An international team of researchers has just published a paper confirming the existence of element number 117—ununseptium. It's the heaviest element ever created, with an atom of ununseptium outweighing an atom of lead by 40 percent. Make some room on your periodic table, there's a new metal in town.
The periodic table of the elements breaks down the elements that make up our world into their base chemical components. This periodic table of storytelling does the same thing, except for the elements that make up our stories.
This spiraling structure is the work of Gustavus Hinrichs. It was one of the many contenders for the Periodic Table of Elements. It was actually better than most, but there's a very good reason why it lost out to the current design.
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Or, to be more precise, practical spoon-melting. Do you know about a de-lite-ful little trick that some scientists like to play on one another that causes a spoon to melt in hot liquids? Did you know that once it caused the victims to fill themselves with mercury?
It's called The Periodic Table of Middle-Earth and it was put together by Emil Johansson — a devoted Tolkien fan and an aspiring chemical engineer. Which this awesome chart makes blazingly obvious.
The classic periodic table of elements is useful for understanding the relationships between the elements, but it doesn't tell us much about the chemical makeup of Earth. This periodic table, created by Professor William F. Sheehan of the University of Santa Clara and published in 1976, offers a somewhat different…
Despite the handy chart that is the Periodic Table of Elements, memorizing the properties of each chemical element is not always an easy task for visual learners. But Bunpei Yorifuji's Wonderful Life with the Elements offers a cartoon view of chemistry, illustrating each element as a little man bearing an afro, tighty…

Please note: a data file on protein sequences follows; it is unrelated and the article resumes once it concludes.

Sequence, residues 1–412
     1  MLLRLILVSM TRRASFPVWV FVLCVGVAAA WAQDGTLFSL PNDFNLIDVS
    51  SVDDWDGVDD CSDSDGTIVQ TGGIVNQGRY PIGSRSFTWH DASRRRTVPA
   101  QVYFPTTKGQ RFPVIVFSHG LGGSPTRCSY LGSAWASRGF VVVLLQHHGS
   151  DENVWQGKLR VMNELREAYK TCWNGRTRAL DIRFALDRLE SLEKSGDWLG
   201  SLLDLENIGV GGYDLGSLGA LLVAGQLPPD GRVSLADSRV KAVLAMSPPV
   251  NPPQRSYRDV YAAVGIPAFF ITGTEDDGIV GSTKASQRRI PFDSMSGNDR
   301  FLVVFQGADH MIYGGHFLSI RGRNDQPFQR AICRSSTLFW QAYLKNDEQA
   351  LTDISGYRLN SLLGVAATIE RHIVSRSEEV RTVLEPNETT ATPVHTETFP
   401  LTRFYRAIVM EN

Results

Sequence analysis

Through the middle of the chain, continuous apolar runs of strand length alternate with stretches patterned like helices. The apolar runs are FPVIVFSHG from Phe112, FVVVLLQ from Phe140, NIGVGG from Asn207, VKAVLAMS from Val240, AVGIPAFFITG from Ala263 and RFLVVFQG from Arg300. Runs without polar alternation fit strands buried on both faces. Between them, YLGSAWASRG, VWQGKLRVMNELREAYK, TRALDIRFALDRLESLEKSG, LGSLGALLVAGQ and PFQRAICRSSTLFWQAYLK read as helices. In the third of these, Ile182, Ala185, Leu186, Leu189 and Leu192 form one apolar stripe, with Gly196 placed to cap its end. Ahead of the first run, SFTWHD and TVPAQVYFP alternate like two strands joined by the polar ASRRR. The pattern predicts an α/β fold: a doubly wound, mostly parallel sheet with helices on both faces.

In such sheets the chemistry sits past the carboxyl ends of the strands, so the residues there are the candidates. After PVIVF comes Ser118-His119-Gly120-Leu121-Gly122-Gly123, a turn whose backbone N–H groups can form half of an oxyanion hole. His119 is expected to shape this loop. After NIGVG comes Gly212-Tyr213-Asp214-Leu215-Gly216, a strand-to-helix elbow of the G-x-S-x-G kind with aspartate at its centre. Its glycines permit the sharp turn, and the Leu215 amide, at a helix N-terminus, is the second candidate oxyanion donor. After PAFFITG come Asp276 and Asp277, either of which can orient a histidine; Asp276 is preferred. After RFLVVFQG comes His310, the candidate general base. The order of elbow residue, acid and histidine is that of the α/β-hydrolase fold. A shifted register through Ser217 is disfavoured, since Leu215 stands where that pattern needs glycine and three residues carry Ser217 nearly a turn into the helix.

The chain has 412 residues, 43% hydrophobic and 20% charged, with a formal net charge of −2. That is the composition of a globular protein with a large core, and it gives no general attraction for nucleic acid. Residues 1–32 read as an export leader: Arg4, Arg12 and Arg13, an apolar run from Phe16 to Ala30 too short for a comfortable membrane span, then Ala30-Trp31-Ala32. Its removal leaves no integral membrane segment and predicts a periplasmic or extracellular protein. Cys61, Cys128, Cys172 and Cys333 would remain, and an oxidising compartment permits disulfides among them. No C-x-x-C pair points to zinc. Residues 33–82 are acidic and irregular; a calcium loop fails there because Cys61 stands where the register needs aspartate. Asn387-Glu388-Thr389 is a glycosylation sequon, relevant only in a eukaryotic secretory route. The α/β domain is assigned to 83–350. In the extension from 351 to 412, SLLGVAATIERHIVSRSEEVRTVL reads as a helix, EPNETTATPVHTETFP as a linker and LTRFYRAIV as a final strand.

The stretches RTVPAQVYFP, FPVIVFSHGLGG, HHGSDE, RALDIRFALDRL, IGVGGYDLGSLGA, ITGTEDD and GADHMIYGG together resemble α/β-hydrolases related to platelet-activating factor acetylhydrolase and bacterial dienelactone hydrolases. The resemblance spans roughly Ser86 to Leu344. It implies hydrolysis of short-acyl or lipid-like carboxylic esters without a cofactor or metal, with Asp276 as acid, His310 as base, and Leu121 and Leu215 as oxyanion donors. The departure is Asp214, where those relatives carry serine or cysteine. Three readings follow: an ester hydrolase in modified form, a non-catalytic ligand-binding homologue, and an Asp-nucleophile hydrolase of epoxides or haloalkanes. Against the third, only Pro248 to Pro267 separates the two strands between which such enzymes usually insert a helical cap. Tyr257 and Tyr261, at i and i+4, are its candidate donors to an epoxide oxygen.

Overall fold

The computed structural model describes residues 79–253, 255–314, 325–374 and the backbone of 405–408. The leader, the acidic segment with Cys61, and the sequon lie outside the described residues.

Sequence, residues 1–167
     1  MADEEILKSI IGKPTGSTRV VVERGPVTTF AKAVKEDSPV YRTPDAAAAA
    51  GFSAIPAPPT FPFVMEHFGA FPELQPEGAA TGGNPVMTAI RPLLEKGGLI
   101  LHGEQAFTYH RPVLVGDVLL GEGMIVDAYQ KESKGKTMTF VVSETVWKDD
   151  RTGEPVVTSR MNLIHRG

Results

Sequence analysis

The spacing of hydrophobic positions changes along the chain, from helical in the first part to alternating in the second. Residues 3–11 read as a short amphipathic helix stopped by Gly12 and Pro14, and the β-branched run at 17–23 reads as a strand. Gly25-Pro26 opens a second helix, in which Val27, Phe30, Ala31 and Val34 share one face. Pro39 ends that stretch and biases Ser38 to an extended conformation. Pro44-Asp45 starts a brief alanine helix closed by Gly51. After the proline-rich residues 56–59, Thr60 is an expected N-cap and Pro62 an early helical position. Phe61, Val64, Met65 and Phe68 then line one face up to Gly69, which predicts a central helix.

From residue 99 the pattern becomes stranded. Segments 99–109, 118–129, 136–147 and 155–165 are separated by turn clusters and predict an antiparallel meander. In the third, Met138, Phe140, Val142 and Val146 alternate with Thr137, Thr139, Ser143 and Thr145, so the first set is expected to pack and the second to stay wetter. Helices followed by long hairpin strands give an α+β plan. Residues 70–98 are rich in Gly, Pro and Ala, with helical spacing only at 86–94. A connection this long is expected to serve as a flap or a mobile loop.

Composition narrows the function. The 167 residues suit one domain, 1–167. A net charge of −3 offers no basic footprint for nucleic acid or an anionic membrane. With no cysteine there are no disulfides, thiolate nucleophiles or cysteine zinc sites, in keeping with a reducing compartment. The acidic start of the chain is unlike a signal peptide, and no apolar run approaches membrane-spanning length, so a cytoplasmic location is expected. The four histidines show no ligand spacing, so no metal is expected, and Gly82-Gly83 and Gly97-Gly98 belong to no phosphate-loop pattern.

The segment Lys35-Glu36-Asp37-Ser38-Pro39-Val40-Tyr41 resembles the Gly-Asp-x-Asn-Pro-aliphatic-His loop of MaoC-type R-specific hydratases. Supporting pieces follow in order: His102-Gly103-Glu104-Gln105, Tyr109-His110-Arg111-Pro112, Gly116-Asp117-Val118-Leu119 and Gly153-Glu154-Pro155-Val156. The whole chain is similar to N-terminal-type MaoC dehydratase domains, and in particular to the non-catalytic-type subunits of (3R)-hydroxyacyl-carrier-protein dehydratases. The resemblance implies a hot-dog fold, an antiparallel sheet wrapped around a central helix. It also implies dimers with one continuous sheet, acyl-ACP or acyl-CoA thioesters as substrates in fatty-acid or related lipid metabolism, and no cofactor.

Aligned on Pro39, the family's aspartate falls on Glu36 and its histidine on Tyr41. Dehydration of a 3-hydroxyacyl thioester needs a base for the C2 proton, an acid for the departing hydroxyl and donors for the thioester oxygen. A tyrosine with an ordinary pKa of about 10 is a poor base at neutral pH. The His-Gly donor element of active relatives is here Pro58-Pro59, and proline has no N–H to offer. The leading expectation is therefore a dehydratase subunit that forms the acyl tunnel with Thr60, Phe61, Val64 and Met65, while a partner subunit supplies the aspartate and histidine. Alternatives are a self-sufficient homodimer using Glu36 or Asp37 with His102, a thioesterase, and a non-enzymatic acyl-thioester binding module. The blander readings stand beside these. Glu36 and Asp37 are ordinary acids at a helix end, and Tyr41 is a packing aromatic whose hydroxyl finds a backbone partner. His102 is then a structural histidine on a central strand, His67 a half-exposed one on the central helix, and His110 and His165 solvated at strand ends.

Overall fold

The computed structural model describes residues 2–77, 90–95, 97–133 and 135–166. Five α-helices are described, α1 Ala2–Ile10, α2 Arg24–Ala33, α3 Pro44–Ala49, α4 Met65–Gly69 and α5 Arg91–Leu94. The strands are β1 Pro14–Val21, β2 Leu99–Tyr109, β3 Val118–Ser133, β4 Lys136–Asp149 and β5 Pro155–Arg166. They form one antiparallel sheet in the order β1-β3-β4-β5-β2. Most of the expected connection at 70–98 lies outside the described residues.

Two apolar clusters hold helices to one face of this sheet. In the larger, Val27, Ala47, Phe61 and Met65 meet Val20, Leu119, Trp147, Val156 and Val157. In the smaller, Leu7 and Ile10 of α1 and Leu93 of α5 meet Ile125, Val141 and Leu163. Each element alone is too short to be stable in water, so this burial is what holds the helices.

What do you get when you take chemists from all around the country, stick them in a convention center with a couple of turn tables, and add an original rap about chemistry? You get the world's first living, breathing, dancing periodic table. Looks like this whole dancing scientist thing has really caught on.
Elements 114 and 116 are now the heaviest elements that we know for a fact exist. They can only exist for less than a second, but they get us ever closer to the fabled island of stability.
Using focused ion beams, nanoscientists wrote the entire periodic table of elements onto a single human hair, and filmed the whole thing for your edification. As a bonus, watch them etch a Christmas greeting onto a snowflake!
If you're looking for a perfect holiday gift for science lovers, consider these ten amazing books. They prove science is awesomer than fiction, and are packed with beautiful pictures too.
Have you ever wanted to be able to codify any particular hero's abilities in a short-but-mystifying series of letters? What luck! Mad genius Chris Sims has made it all possible with this Rosetta Stone of superpowers. [ComicsAlliance]
Kris Straub's Periodic Table of Scifi slaps all your favorite shows and films onto one handy chart. This table also includes some cheeky abbreviations and formulas. Can you guess what movie 3Et + 8Rv + Los + Xo stands for?